01 Jul Right or Privilage?
This last week I had the pleasure of seeing former Secretary of Labor Robert Reich speak at InstructureCon in Park City, Utah.
His talk was quite boring for me honestly, because he spoke of the obvious. He spoke of rising tuition costs, continued cuts to education funding, increased debt taken on by students, and a lack of employment prospects for recent graduates. At one point, Mr. Reich made the point that our economic strength is based on the backbone of a good education system. Someone standing near me said out loud “I never thought of that”. I was at a conference full of educators. Facepalm.
I grew up in Canada and Australia and moved to the United States when I was 18. Since then I gained a BA and an M.Ed. in the US and a Masters in Art and Design in Australia and started on a PhD there as well. The difference I’ve noticed between education systems in different countries still astounds me.
In the United States and education is becoming more and more a luxury, a product we consume, whereas in other places I’ve worked and studied, it is considered a right and not not in any way a commodity.
The ultimate purpose of education is for an individual to learn new skills, both in citizenship and in the workplace. Learning should teach us how to contribute to the advancement of our society and not just limited to our job skills. It should give us the ability to question the authority over us and the power to organize to bring about changes that will benefit us all. In other countries I changes in government that bring about changes in policy and legislation. Sometimes this benefits the citizenry, sometimes it doesn’t, but sadly most changes I see lately are changes that ignore constituents and benefit corporate donors.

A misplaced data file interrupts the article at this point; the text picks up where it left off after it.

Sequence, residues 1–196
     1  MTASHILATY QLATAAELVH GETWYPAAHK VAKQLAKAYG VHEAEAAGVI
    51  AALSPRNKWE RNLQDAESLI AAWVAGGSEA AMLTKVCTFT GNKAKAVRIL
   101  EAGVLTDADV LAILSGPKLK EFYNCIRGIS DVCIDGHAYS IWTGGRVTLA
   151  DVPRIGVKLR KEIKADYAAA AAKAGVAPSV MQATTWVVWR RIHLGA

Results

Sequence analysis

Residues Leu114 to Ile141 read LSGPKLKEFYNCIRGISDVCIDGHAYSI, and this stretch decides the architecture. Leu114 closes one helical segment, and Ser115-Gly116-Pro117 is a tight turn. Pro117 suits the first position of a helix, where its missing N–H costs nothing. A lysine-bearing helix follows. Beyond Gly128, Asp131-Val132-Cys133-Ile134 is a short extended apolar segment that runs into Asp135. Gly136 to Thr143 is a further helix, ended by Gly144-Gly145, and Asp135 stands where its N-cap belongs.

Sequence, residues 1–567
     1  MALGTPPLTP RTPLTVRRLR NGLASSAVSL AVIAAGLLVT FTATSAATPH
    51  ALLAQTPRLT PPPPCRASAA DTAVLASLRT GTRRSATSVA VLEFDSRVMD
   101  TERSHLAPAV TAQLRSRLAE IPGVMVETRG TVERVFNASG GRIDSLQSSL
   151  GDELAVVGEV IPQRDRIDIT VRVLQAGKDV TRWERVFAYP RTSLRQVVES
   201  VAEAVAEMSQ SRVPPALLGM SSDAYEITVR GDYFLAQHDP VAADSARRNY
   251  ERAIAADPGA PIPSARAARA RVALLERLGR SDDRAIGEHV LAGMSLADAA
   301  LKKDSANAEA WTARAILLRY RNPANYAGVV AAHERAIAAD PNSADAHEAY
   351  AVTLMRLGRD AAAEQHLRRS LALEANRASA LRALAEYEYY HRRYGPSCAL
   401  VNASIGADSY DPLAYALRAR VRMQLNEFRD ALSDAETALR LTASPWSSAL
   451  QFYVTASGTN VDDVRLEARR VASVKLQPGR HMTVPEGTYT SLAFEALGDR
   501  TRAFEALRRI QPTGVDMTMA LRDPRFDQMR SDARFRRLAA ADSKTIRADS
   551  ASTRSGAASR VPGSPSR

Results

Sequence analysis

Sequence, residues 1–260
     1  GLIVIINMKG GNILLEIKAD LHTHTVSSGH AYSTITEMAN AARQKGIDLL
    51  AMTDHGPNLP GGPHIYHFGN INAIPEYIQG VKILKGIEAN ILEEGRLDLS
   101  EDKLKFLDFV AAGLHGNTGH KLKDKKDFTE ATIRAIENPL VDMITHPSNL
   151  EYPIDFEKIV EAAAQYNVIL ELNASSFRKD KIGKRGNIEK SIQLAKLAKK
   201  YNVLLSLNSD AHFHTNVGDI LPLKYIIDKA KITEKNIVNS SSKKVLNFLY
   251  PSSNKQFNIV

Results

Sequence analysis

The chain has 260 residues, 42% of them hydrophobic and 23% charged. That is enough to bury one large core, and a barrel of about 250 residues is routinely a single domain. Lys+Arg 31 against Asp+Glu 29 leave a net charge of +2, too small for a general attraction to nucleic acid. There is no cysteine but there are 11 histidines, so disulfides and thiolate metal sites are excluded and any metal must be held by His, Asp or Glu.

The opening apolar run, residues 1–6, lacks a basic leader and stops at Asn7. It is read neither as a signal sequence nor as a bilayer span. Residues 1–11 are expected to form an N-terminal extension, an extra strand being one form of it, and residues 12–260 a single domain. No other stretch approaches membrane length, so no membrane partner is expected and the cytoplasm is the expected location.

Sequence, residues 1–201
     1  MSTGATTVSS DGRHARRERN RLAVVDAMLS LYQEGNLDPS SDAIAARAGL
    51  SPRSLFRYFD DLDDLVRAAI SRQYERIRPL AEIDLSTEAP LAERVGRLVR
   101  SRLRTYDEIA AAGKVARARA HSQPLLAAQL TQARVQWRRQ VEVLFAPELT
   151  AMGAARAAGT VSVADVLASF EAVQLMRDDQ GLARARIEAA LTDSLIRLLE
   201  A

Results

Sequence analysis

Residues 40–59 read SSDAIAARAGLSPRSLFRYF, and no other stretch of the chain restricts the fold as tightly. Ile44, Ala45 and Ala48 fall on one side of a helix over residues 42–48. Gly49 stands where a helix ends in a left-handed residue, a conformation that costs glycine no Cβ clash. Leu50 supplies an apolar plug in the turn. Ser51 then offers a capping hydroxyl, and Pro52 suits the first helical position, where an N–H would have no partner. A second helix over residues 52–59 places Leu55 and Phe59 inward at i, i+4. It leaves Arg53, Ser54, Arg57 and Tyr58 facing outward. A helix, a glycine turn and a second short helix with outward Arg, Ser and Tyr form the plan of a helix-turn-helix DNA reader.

Tuition rises year after year, far more than is justifiable by any financial formula. It is all because of reduction of investment from our state governments and our Federal Government and an inability for the funds that are being disseminated to be used efficiently. With continued decreases in funding, education is starting be be run more like a business than a place of learning. Marketing an education when the cost is getting higher and higher is becoming a harder sell. But we shouldn’t have to sell education at all.
How do we fix this? This is the ultimate question.
I honestly believe it not just our education system that is flawed, but a flaw in our national priorities.
“The Market will decide?” No it won’t. It hasn’t.
It hasn’t really helped to secure jobs for Americans, to secure their health, their mental and physical well-being, or provide a comfortable life.
When students are done with school, most of them have to immediately go to work to start paying of the massive debt they took on, far more than the debts taken on by students overseas. I am a member of this group, like many others. On many occasions, I have not traveled, I have not taken time off to write, or create because I just needed to make money and have health insurance.
We have become indentured servants, not tied our passage to the New World, but tied to the empty promise that an education will help us attain the American Pipe Dream.